Liebmann encourages listeners to spend a little time considering or analyzing the music.
“Never fall for music just because it’s catchy,” he advised. “Take an extra five seconds to think about what the music is actually saying because this might make you love the music even more or make you realize that it’s not worth your time.”
When Andy Werth began playing trumpet in the middle school, he probably didn’t realize that this instrument would be the first of many that he would learn. As a sophomore in high school, Werth started teaching himself piano after hearing some ’50s songs on the radio. And then, as a senior, guitar almost literally fell into his lap.
“I actually picked up guitar because a friend of mine left his acoustic guitar over at my house when he went on vacation, and I began teaching myself,” Werth said.
Werth gradually began writing his own songs, and now, years later, this singer/songwriter and accomplished musician has two EPs under his belt, and a full-length album that has just recently been released. He says now that learning so many instruments helped him grow as a songwriter, especially with writing for his band members.
“You learn how to speak with a different voice, and it unlocks possibilities and new capabilities for writing for others, too,” Werth said.
The new album, called Burn the Maps and Bury the Compass, is a step in a new direction for Werth and his band, because the music is moving away from piano pop-rock into new and varied directions.
“It’s all over the place, which makes it kind of hard to label,” Werth said of the album’s sound.
Werth describes Burn the Maps and Bury the Compass as a grab-bag, but adds that its diversity makes it possible to keep the fans of the EPs happy while also “bringing new people on board.” But it didn’t come easy.
“It was like giving birth to a mountain,” Werth says. “It ended up being very fun, but definitely exhausting.”
With the album out, Werth and his band are now focusing on playing live shows around their hometown of Seattle. Onstage, the musicians consist of two guitarists (one of which also sings backup), a bassist, a drummer, two trumpet players, occasionally different string instruments or saxophone players, and Werth singing and playing piano. In other words, their set is not usually what a concert-goer expects.
“Playing at indie clubs, people see instruments on stage that they don’t normally see,” Werth said.
Because the group is from Seattle, Werth says that there is a lot of competition, but also adds that the wide variety of music coming out of the city is more of a blessing than a burden.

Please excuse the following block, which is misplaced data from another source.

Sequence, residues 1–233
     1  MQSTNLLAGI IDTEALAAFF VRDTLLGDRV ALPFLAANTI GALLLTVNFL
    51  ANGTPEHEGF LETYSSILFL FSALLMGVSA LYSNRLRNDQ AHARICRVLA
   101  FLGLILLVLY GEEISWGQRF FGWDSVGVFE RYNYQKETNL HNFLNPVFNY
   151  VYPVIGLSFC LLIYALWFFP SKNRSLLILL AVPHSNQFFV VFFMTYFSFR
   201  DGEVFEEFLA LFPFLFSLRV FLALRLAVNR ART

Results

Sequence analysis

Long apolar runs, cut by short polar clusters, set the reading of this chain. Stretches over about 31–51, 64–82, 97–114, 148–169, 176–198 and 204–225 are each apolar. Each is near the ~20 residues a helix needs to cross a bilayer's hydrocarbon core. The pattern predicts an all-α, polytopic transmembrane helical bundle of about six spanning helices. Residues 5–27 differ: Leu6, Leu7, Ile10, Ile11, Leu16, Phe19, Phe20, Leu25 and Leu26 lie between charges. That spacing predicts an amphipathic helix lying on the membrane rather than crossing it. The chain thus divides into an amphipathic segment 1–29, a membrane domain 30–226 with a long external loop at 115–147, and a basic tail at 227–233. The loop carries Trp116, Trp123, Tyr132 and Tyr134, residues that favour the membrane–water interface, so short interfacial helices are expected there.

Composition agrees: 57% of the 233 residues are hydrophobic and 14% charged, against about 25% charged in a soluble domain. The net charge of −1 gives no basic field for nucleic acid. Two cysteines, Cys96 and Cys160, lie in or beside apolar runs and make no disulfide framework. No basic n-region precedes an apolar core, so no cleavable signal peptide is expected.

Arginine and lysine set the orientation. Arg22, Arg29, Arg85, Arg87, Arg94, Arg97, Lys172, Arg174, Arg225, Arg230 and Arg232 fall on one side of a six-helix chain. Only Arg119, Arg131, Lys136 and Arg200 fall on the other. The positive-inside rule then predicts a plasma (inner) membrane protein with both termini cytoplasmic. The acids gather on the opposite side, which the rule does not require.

“On any given night [in Seattle] you can hear a DJ, or a jazz concert, or a rock set. The clubs are overflowing with great music from Monday through Sunday. I love to be influenced by lots and lots of different music, especially hearing it live and then incorporating it,” Werth said.
Werth’s personal music taste is also diverse, like his songwriting style and the city he lives in. He listens to jazz, indie, and classical, among other things. And while he’s not rehearsing, writing, editing, or working on lyrics, Werth spends his time reading, writing in journals, enjoying the outdoors, and delighting in all the vegan food Seattle has to offer.
In eight or nine months, Werth plans to head back to the studio to record another album. But, in the meantime, Andy Werth is offering a promotion for Burn the Maps and Bury the Compass: send an email to firstname.lastname@example.org with the subject Andy Werth, and you’ll get a code that you can plug in on the homepage of the website that will enable you to download tracks from the new album.
The Cool Kids recently played a show last weekend at the college I attend, Hendrix College, in Conway, Arkansas. The Cool Kids are one of the more recently exciting hip-hop groups to emerge recently. Some label their sound as “hipster-hop”, and others cite the heavy influences of the Golden Age of Hip Hop. The point is, you can’t pin their sound, and they are always doing something new. The Cool Kids are a couple of really young, laid-back dudes. It took about four hours to get an interview with them, but not because of their ego or pretentiousness. It’s just their youth; like the rest of most young people, it’s tough to get down to business. The concert was presented by KHDX, and the profits of tickets went to the charity club, Campus Kitty. The Tennessee native hip-hop group Free Sol opened for them, and I missed it because of the interview. After the interview, The Cool Kids were chill and discussed hip-hop with me. When The Cool Kids finally performed, the show was fantastic. The turn-out was small, but those who came got into the music, even though most of them didn’t know most of the songs. The Cool Kids surprised with a beatbox rendition of “Mikey Rocks” and brought a few new songs out, which suggested that new bloods are keeping hip-hop alive. These guys were the perfect choice for the night’s entertainment.
How did you guys feel about asking to be played at a show in Conway, Arkansas, at Hendrix College?
Chuck Inglish: I didn’t know that I had a show here til’… two days ago. We were working when we got the news. If I wasn’t working I’d probably be more excited, but we were in the groove. But I’m excited now that I’m here. Everybody’s been extremely nice. It looks like it’s gonna be a nice show. About to do a brand new song that we did two days ago.
Chuck Inglish: It’s a song off of our Gone Fishing mixtape. We’re gonna have everybody with camera phones put their camera phones up, and I want everybody to put that shit on Youtube, once we do the song.
You guys are stationed in Chicago and are on your own label. So, how is Chicago for an independent rap artist?
Chuck Inglish: The worst place ever. [Laughs]
Mikey Rocks: Yeah, this ain’t your planet right now.